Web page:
Astronomy news for the two weeks starting Friday, May 21, 2010.
Skylights, presented a bit early, will resume its normal weekly
schedule on Friday, June 4. Last week's
is still available.
During our extended period, the Moon grows from first quarter (achieved Thursday, May 20) through its
waxing gibbous phase to full, reached the night of Thursday, May 27.
We then see it head toward third quarter
in its waning gibbous phase, the quarter
finally made at the close of our fortnight on Friday, June 4. The
night of Saturday the 22nd, the waxing Moon will pass a hefty 8
degrees south of Saturn. The "big show" takes place the night of
the full Moon, on Thursday the 27th, when it can be found just a
bit north of Antares in Scorpius, the star though difficult to
see in the lunar glare. If you can, use binoculars. On Thursday,
June 3, the Moon passes apogee, where it is farthest from Earth.
In the evening, night after night, Venus climbs
higher, while Mars
descends. Not like it does Venus much good, as the end of twilight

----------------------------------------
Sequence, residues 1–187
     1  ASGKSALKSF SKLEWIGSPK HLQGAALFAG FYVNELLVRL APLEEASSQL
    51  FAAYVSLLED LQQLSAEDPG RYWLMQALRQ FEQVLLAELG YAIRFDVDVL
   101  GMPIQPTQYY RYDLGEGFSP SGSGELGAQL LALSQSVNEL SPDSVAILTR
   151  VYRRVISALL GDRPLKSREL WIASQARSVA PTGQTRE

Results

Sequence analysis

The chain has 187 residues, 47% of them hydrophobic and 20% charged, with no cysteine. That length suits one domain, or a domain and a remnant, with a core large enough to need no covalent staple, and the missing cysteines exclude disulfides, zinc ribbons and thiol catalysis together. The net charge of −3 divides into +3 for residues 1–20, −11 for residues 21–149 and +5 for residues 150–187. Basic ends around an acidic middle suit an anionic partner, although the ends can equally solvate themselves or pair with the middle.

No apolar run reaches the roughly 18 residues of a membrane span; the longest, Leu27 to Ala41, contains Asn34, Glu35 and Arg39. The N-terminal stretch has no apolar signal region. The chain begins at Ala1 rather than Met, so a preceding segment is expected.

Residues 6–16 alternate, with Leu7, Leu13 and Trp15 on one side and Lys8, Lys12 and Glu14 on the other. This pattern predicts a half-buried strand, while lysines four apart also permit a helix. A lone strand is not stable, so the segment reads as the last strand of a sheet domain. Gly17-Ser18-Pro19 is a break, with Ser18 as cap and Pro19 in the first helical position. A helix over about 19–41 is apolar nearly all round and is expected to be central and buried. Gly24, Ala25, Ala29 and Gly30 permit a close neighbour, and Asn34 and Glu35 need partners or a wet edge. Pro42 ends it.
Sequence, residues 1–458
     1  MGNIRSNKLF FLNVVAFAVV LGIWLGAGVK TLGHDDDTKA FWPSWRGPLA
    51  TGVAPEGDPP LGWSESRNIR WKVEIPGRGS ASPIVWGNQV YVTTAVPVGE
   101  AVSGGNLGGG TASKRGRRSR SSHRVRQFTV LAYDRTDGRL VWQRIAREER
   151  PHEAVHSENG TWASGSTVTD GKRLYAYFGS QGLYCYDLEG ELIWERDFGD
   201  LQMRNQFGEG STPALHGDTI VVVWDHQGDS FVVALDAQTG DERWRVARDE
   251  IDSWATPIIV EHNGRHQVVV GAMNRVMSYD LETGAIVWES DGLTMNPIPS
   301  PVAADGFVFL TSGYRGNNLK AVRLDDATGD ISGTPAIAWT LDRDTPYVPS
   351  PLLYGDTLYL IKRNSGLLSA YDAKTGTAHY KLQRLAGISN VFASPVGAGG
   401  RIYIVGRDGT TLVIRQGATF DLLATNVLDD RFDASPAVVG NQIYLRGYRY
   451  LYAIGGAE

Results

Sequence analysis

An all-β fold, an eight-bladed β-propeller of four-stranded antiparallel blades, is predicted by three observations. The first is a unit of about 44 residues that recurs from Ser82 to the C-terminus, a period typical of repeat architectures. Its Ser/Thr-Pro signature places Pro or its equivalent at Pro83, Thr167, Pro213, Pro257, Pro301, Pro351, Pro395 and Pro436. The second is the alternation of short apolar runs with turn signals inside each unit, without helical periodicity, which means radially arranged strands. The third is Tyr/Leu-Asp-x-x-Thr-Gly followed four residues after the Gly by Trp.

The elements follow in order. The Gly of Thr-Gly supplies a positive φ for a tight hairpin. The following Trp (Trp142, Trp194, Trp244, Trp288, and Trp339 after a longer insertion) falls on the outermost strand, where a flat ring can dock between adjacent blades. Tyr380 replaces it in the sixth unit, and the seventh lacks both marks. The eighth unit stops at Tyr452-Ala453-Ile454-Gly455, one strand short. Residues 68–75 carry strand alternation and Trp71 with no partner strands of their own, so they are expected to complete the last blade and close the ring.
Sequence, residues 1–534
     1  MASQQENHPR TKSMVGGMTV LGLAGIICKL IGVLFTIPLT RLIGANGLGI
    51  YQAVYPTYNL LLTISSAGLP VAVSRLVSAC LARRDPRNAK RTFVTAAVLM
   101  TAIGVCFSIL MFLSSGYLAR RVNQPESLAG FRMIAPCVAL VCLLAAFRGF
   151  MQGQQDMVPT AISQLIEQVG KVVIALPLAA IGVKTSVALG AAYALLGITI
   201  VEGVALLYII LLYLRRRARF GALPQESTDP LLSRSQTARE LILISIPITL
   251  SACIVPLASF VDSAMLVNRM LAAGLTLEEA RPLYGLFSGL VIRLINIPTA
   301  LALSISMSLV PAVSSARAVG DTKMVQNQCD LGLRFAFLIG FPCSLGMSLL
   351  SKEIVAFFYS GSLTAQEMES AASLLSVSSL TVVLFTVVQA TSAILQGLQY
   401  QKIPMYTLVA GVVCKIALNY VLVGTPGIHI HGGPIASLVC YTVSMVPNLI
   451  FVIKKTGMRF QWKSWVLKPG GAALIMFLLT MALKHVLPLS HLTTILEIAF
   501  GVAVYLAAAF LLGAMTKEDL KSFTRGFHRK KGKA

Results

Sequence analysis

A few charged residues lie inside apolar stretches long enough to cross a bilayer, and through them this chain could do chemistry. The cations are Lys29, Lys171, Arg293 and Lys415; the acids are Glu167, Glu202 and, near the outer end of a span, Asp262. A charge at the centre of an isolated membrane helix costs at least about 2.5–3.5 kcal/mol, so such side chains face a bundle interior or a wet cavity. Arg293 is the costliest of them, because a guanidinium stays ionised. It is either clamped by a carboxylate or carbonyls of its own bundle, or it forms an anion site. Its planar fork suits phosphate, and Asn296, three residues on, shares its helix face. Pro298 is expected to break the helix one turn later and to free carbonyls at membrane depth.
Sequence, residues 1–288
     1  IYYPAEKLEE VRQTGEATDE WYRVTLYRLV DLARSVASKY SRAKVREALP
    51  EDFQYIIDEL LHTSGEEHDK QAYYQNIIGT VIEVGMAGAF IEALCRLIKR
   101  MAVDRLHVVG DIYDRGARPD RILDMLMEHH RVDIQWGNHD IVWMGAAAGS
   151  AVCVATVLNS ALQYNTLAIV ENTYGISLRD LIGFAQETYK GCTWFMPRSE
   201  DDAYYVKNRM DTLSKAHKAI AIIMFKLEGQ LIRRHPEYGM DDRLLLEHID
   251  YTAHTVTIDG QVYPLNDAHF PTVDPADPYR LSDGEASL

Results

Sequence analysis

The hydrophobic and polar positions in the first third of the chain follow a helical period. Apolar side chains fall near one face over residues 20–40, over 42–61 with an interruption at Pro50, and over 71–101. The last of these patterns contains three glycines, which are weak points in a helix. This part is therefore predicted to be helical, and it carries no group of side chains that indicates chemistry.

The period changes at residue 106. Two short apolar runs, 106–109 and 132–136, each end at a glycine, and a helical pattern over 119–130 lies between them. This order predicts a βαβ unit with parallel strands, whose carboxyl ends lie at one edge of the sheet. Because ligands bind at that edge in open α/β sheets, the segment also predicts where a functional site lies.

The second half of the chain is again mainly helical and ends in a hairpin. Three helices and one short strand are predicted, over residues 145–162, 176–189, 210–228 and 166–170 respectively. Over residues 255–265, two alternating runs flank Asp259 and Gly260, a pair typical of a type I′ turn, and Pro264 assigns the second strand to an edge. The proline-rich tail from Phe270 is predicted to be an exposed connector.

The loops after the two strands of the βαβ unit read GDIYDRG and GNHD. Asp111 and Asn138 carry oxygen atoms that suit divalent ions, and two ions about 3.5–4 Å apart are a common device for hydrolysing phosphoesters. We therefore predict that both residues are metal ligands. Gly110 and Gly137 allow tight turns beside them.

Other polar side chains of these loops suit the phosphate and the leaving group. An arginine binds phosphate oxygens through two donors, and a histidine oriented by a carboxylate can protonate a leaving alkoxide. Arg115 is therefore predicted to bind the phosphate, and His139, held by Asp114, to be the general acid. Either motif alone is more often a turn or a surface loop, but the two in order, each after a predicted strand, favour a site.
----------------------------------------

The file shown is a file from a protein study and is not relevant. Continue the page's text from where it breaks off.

just continues to keep up with the bright planet, which still sets
in the west northwest just half an hour after the sky is fully
dark. Mars, however, well into the west after sundown, sets ever
earlier, now around 1:30 AM. Moving rapidly to the east against
the stellar background, the red planet can be seen approaching Regulus in Leo.
Farther east, Saturn still
resides in Virgo to the west of
Spica, not setting until roughly
2:30 AM, as Jupiter rises, about an hour before dawn. The giant
planet, in Pisces to the
southeast of the "Circlet,"
dominates the early morning sky. Saturn makes the bigger news,
though, by ceasing its
retrograde motion on the last day of May (as does Neptune). They
will then begin their normal easterly movements against the stars.
That leaves us with Mercury, which is making a
poorish morning appearance not far above the dawn horizon, even
though going through greatest western elongation on Tuesday the
It's time to admire Corvus, the
Crow, one of the more prominent of small constellations. Look a bit low to the
south around 9 PM for a distorted box, its top two stars pointing
eastward toward Spica, its bottom two in the same direction toward
Gamma Hydrae, the next-to-the-
last star of the tail of Hydra,
the Water Serpent. Below the star, close to the horizon, glow the
stars of northern Centaurus, the